Of the 50 players taking part in the DP World Tour Championship, one is under more pressure than maybe the other 49 put together. As things stood before this season-ending event, Rasmus Hojgaard was clinging to the 10th and final spot among players eligible to earn PGA Tour cards for 2024. Adding to that already considerable stress of maintaining his place on that list is the fact that Rasmus’ identical twin brother, Nicolai, has ensured his place across the Atlantic in 2024 through an accumulation of non-member FedEx Cup points over the course of the PGA Tour season about to finish.
If the pair are to continue their closely parallel paths through life and their chosen careers, Rasmus is going to have to step up. Which is exactly what he did Friday with a second-round 66 over the Earth Course at the Jumeirah Golf Estates. Three birdies, two eagles and only one dropped shot were the deviations from regulation figures in the Dane’s six-under-par effort, one that has him four under par at the halfway mark and in a tie for 21st place.
More importantly, the 22-year-old remains well in contention for one of those vital PGA Tour cards and, not incidentally, the $500,000 stipend that will go to each of the 10 who earn them. Nothing is certain, however. The man currently in 11th place, Yannick Paul, is six under par so far, although the German has a 76.88 points deficit to make up on Hojgaard.
Further complicating matters is the unlikely figure of Jens Dantorp. The Swede, who started this week in 49th place on the Race to Dubai (having played 31 events, more than anyone else in this week’s field) and 779.29 point behind Hojgaard, is tied with South Africa’s Thriston Lawrence, World No. 4 Viktor Hovland, France’s Antoine Rozner and local resident Tommy Fleetwood for second place after 36-holes on nine under par.
And the leader by two shots on 11 under par? Who else but Nicolai Hojgaard, who could do his brother a wee favor by maintaining that edge and making off with the 2,000 Race to Dubai points that could have provided another player with the opportunity to pass Hojgaard (R).
Whatever, much can still happen—and probably will. Who is heading to the U.S. and who will be consigned to at least another 12 months in the Old World clearly remains much in doubt.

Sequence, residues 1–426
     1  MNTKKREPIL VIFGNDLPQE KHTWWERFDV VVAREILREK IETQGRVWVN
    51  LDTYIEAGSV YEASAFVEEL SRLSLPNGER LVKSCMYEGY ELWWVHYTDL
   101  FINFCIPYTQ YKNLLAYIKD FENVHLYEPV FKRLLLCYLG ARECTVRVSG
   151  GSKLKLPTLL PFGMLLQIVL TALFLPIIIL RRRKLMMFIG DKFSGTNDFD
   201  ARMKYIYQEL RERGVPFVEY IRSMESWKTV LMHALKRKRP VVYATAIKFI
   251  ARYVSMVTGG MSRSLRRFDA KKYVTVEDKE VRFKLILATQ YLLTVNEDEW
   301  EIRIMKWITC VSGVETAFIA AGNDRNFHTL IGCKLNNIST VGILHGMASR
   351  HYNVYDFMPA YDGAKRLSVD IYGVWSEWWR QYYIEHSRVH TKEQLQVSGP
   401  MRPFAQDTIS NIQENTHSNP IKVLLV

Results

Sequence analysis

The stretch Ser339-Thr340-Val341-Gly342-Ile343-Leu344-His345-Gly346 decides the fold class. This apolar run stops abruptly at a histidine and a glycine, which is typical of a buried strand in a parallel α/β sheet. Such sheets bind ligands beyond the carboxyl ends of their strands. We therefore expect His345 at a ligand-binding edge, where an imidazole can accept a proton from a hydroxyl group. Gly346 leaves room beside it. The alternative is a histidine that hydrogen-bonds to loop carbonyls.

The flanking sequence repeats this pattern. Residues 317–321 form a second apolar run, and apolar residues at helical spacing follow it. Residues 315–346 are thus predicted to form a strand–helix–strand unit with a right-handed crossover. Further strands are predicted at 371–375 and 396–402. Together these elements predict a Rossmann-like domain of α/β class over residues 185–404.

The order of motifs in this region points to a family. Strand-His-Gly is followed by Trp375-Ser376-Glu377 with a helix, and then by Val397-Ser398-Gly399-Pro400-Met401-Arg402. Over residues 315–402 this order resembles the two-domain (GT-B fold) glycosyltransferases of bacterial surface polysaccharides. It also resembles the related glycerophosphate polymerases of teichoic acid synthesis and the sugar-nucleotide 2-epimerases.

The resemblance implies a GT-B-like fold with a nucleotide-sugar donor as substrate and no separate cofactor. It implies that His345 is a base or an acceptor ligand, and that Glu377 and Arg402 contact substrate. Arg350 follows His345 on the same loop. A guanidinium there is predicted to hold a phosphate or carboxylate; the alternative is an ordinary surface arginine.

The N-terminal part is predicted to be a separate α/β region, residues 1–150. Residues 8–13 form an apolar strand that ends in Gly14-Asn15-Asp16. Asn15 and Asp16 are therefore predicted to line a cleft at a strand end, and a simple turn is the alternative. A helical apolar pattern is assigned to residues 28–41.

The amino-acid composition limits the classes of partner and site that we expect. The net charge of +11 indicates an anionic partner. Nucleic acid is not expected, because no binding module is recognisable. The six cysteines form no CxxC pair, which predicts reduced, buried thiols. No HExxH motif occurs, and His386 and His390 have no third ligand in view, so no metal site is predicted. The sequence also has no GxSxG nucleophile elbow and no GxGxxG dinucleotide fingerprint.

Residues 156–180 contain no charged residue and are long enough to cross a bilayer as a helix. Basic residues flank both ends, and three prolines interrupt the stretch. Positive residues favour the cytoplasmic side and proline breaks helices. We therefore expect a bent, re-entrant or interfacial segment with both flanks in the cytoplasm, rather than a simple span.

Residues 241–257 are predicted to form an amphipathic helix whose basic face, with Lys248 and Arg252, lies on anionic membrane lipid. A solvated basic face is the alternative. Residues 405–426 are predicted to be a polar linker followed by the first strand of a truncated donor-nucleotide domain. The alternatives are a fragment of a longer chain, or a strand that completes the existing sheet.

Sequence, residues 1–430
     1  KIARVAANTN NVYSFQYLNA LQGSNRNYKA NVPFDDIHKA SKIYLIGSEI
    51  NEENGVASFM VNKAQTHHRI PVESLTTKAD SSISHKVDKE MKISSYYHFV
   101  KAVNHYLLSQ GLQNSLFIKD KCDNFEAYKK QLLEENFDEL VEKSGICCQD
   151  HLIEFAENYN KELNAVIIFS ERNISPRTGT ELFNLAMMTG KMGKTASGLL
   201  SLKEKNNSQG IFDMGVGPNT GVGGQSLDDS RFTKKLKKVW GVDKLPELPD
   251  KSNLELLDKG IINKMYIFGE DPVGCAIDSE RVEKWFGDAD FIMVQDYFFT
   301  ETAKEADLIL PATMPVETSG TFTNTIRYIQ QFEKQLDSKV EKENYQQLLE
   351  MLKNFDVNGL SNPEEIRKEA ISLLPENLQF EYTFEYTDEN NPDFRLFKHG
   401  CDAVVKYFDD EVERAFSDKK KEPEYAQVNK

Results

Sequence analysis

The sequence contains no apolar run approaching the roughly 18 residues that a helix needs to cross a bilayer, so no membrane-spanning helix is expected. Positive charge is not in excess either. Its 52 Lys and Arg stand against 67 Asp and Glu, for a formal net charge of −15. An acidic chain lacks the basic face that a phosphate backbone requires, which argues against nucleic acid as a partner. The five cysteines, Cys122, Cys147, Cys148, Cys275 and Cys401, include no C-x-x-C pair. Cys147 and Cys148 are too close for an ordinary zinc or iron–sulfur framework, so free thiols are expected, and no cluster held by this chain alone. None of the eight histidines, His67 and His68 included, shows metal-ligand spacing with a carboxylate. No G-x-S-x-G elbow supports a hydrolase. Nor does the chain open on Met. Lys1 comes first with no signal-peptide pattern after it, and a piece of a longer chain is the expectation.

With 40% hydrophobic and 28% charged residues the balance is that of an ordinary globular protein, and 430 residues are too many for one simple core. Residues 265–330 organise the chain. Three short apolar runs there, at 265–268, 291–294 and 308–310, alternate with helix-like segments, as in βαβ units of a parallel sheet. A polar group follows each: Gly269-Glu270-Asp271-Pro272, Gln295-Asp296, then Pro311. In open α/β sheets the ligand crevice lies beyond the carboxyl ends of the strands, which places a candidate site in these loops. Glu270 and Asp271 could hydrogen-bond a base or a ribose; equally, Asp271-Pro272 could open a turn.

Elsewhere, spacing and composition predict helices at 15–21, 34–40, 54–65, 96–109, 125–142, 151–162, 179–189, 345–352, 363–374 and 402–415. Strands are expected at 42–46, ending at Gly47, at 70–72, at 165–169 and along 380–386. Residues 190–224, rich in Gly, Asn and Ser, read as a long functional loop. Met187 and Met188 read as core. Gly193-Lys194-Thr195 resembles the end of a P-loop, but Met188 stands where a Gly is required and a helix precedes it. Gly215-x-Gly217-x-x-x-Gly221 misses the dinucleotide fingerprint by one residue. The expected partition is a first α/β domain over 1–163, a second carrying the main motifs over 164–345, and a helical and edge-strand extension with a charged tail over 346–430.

“I have two choices given the situation I find myself in,” Rasmus said. “I can either cope with it or not. I came out today in a good mood. I knew I needed a low score that would carry me up the leaderboard. That Nicolai already has his card doesn’t really affect me. Obviously, I want to join him over there. It would make travelling and playing a lot more fun. But the pressure is not coming from there. It is more what I am demanding of myself. It is a big goal to make it onto the PGA Tour. And I’m in the middle of it now. We’ll just have to see how the next two days play out. I’ll be giving it everything I have.”
That much goes without saying, as does the fact that, with his brother playing for Europe at Marco Simone last September, Hojgaard was given an in-depth inside look into just what a Ryder Cup match is really like. Rasmus was there all week, his unofficial role being buggy driver for fellow Dane and European assistant captain Thomas Bjorn.
“I definitely feel a lot more prepared if I make it into the next team,” Hojgaard said. “I’ve seen it from the inside. It was such a great experience to feel somewhat a part of it. I think it helped Nicolai to have me there. But as much as he was nervous, I was even more. My role was just to keep him in good spirits.
“Obviously I spent a lot of time with Thomas,” Rasmus continued. “I saw and heard things I would never have thought of had I not been with him. But the highlight for me was the start of the week. I managed to sneak into the team room. I still get goosebumps thinking about it. It certainly added to my motivation to qualify for Bethpage in 2025.”
Ah, but all of that is for a more distant future. For now, Hojgaard has other, more pressing things on his mind. Some of which he is clearly trying not to think about.
“It’s too early for me to start imagining what it will be like to play full-time on the PGA Tour,” he said. “I can’t do that now. It will all come down to what happens on Sunday afternoon. I’m just happy to have played well today and kept myself in contention. I could easily be too far back. But I’m still in the tournament. It’s going to be an exciting weekend.”
For both of the twins.
Main Image: Luke Walker